Maureen O’Hara, actress

25 Oct 2015 | Author: | No comments yet »

Actress Maureen O’Hara dies aged 95.

O’Hara, most famous for her role in The Quiet Man, passed away peacefully aged 95 at her home in Boise, Idaho according to a statement from her family. Maureen O’Hara, who has died aged 95, appeared in more bad films than she cared to remember but nevertheless emerged as a Hollywood star on the strength of her extraordinary flame-haired beauty and a successful screen partnership with John Wayne.

President Michael D Higgins, who is on an official visit to the US, said O’Hara would be remembered as an “outstanding and versatile actress whose work, especially in film, will endure for many years to come”. “I especially remember with affection her recent visit to Áras an Uachtaráin, when we discussed among other things her great love of Ireland and her strong family links to Shamrock Rovers,” said Mr Higgins. She appeared in five of his films, forging a strong screen bond of mutual admiration and respect. “I prefer the company of men,” Wayne declared, “except for Maureen O’Hara. O’Hara, an iconic figure in Hollywood’s Golden Age of the 1940s and 1950s who was once considered one of the world’s most beautiful women, also played a string of feisty women opposite John Wayne, including in “The Quiet Man”. “It is with a sad heart that we share the news that Maureen O’Hara passed away today in her sleep of natural causes,” they said in a statement cited by The Irish Times newspaper. “Maureen was our loving mother, grandmother, great-grandmother and friend. Tánaiste Joan Bruton paid tribute to the actor, saying she had proudly followed O’Hara whose career spanned many decades and “who brought great talent to the world stage”.

She passed peacefully surrounded by her loving family as they celebrated her life listening to music from her favourite movie,‘The Quiet Man’.” Irish Arts Minister Heather Humphreys added: “Maureen O’Hara left Ireland to carve a successful life in America but in the hearts and minds of every Irish person, Maureen was the quintessential Irish success story.” She was brought to Hollywood in 1939 by legendary actor Charles Laughton and her first film was “The Hunchback of Notre Dame”, playing Esmerelda to his Quasimodo. With her creamy complexion, striking auburn tresses and haunting jade blue eyes, Maureen O’Hara was celebrated in her early films as the “Queen of Technicolor”, but she considered it a dubious accolade: it tended to imprison her in elaborate wartime features where she looked merely decorative or ornamental. “Almost every letter I receive,” she complained in 1945, “asks why Hollywood doesn’t take me out of those silly Technicolor pictures and give me dramatic pictures.” Maureen O’Hara had become an overnight star in 1939 when she played Mary, the pretty niece of Sir Humphrey Pengallan (Charles Laughton), in Alfred Hitchcock’s film of Daphne du Maurier’s Regency romance Jamaica Inn. On accepting her IFTA, O’Hara said: “All of you in the theatrical profession, television or movies, never forget you represent to the whole world this small, great, fabulous country.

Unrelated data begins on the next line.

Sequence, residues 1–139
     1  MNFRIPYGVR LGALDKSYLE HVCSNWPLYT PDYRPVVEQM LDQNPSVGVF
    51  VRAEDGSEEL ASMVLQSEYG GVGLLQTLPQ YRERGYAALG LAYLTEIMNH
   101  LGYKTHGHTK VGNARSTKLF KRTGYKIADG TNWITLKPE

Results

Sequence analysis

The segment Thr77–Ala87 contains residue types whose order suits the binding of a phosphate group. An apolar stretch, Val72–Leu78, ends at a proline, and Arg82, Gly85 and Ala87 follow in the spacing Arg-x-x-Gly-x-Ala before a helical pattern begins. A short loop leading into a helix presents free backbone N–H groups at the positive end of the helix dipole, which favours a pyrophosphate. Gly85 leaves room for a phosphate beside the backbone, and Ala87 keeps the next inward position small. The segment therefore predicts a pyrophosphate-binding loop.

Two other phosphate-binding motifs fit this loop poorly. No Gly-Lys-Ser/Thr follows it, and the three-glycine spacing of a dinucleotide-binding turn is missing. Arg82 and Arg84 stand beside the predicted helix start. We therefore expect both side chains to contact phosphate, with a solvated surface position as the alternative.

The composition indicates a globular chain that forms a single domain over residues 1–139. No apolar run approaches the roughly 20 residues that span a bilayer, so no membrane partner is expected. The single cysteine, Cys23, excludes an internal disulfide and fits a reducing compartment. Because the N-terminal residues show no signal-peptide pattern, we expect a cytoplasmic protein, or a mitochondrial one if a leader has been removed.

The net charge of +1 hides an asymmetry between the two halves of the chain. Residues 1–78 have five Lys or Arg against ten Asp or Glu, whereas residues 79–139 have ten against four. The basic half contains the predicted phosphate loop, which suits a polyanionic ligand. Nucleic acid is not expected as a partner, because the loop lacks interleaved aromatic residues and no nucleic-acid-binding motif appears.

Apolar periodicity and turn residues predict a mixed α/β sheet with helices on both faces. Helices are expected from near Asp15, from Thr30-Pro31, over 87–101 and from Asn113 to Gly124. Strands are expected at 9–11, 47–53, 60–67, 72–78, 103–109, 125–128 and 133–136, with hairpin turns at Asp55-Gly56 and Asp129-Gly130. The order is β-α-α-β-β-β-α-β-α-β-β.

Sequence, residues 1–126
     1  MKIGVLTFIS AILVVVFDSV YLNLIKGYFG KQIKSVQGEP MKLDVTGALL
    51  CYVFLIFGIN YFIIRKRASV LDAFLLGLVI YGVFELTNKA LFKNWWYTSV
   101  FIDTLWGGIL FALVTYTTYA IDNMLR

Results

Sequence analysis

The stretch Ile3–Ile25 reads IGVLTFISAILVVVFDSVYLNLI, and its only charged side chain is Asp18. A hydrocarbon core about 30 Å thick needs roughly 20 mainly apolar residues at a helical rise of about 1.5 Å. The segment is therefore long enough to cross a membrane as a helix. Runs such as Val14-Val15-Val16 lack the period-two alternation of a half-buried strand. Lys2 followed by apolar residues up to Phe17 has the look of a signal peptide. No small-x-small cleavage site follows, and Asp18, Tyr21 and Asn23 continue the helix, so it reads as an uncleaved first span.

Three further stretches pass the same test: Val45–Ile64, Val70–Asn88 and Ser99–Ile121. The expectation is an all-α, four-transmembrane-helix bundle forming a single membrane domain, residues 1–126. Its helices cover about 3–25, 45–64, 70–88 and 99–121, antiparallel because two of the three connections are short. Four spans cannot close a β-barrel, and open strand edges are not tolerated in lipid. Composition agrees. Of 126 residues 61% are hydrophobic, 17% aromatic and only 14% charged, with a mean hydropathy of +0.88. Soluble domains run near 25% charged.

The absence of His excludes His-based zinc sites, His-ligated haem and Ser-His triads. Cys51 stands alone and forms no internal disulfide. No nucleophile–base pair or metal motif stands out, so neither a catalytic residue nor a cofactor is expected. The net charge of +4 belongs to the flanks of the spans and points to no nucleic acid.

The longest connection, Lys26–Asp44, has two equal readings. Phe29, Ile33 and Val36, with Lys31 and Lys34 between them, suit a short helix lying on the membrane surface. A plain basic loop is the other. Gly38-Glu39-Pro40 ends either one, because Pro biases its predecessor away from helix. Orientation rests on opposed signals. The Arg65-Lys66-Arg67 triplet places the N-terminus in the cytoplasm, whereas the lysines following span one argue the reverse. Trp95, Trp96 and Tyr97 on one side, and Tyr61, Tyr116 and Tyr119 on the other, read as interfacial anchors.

I can’t tell you how much I appreciate this Award; it’s just a wonderful gift from Ireland to an Irish woman.” Born in Ranelagh, Dublin in 1920, O’Hara was the eldest of six children in the Fitzsimons family. In 1944 she signed a contract dividing her commitments equally between 20th Century Fox and RKO, and co-starred with Joel McRea in Buffalo Bill as the hero’s wife.